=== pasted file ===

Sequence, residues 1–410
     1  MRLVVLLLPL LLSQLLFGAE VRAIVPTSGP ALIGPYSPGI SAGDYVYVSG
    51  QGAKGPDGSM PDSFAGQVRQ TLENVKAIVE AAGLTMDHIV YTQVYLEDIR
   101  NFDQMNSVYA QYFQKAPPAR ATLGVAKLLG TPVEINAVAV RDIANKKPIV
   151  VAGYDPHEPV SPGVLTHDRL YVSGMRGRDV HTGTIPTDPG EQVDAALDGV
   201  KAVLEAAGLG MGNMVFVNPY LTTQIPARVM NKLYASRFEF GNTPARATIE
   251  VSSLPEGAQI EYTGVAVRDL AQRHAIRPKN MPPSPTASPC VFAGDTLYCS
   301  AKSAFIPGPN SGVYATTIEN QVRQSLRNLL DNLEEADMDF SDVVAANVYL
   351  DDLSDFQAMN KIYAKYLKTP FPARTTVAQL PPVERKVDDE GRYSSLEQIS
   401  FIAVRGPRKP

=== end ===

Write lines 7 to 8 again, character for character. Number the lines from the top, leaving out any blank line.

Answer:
   251  VSSLPEGAQI EYTGVAVRDL AQRHAIRPKN MPPSPTASPC VFAGDTLYCS
   301  AKSAFIPGPN SGVYATTIEN QVRQSLRNLL DNLEEADMDF SDVVAANVYL